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Auto Components Ltd. Case Study

Auto Components Ltd. Case Study

 

  1. Introduction

 

Auto Components Ltd. is a medium sized company with five production facilities throughout the U.K. Each plant produces a variety of components for various truck and car manufacturers. Each plant has a certain amount of autonomy and has grown to supply the needs of manufacturers in its vicinity.

 

A facility located in north Devon has traditionally concentrated on producing small, relatively simple components. Over recent years, much of this work has been put up for competition with Auto Components Ltd. frequently losing business to specialized, more modern suppliers.

 

One of the few areas where the north Devon facility is still competitive is the production of valves. A variety of such devices are built for a range of applications.

 

The ZA valve lines produce valves coated with titanium nitride. The coating makes the valves resistant to damage by water, grit or mud. It is also makes the valves expensive. They are therefore only used on luxury sport utility vehicles.

 

The ZA810 line produces valves of both 20 and 25 cm. Other than the length, these valves are identical in every respect.

 

 

  1. The Project

 

You have been employed by the management of the north Devon facility to produce a comprehensive simulation study of the ZA810 production line.

 

You are required to produce a professional report for the company detailing the results of your study and the improvement recommendations that you would make to the system. Include any statistical analysis that you perform to support your recommendations. You should make at least 3 improvement suggestions, supported by arguments and data.

 

The simulation model will be created in the software package Witness. The model must be graphically well presented. Any data that you think will aid in the understanding and verification of the model should be shown dynamically as part of the model display.

 

It is envisaged that the management will continue to utilise the model after the end of the simulation study, so it is necessary for you to provide documentation explaining the layout and logic of the model.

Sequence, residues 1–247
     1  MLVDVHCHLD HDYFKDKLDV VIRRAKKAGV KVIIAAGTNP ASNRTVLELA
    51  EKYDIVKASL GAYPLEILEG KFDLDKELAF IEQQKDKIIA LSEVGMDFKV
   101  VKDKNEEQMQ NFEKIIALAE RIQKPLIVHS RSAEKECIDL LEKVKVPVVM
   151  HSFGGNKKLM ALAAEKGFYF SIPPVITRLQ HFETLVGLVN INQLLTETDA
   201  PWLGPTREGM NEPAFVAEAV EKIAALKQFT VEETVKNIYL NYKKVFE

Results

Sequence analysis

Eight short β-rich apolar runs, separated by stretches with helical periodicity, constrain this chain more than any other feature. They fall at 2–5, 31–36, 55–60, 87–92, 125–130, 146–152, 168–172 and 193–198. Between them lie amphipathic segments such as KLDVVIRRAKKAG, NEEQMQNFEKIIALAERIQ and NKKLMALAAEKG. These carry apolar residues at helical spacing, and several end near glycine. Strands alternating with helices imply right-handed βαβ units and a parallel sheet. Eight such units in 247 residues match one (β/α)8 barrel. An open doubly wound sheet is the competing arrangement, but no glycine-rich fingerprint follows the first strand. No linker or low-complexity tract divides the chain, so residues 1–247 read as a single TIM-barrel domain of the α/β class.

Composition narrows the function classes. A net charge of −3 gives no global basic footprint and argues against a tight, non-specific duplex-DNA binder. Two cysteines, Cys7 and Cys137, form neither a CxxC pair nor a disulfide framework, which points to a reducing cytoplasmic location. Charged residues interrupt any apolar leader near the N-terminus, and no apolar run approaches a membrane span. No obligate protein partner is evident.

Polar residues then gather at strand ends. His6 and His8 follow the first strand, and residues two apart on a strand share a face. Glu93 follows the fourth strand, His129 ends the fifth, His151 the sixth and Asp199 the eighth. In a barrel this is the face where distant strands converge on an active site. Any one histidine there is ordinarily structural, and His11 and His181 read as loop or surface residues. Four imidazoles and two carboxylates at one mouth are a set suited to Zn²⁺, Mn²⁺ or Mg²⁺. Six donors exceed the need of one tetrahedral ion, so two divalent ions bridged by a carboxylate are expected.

1. Assessment

 

You will be required to submit individually 2 files:

 

 

  • The simulation models. The simulation file’s name must include your name (e.g. mod)

 

  • The Project Report. The report will be submitted. Your report should have a maximum of 1200 words. Tables and graphs are not included in the word count. Your report must include a short executive summary giving a brief description of what was carried out and your findings. The executive summary1 should be no more than 150 words.

 

 

Assessment of the project is based upon the Project Report using the following criteria:

 

a.Documentation of model logic30%
b.Analysis of the results20%
c.Conclusive argument development30%
d.Report presentation including conciseness20%

 

I will use the simulation file to check the consistency between your report and the simulation.

 

 

The Project Report will be checked against plagiarism.

 

 

Please note that the majority of the marks are NOT given for the simulation itself, but for the quality of your analysis and improvement suggestions. In the past some students have submitted a near perfect model and a terrible report. Taking this approach will not get you the best mark.

 

Please also note that there is no ‘perfect simulation’ of a real system. In order to get as close as possible to the details of this manufacturing systems, you will have to make some assumptions. Please state clearly these assumptions!

 

 

 

 

 

 

 

 

 

 

 

 

  • An executive summary, or management summary, is a short document or section of a document, produced for business purposes, that summarizes a longer report or proposal or a group of related reports in such a way that readers can rapidly become acquainted with a large body of material without having to read it all. It usually contains a brief statement of the problem or proposal covered in the major document(s), background information, concise analysis and main conclusions. It is intended as an aid to decision-making by managers and is the most important part of a business plan

 

 

 

2

 

Description of the ZA810 Valve Production Line

 

(Refer to attached Data Sheet and Process Diagram)

 

Raw material (bar stock) for both valve types is delivered to buffer STORE1. They are delivered via a forklift from the parts crib with a particular delivery schedule. Auto Components Ltd. have a contractual agreement with the supplier of bar stock that guarantees the part crib will never run empty.

 

SAW takes a single bar from STORE1, processes it, and places it in STORE2. DRILL takes a single bar out of STORE2, processes it, and places it in STORE3. Finally COATER takes a single bar from STORE3, processes it and dispatches it to the ROLLER conveyor.

 

Both DRILL and SAW each have 2 separate tools that are used for each operation. Data has been provided on the replacement frequency of these tools. In addition the breakdown profiles of SAW, DRILL and COATER have been collected.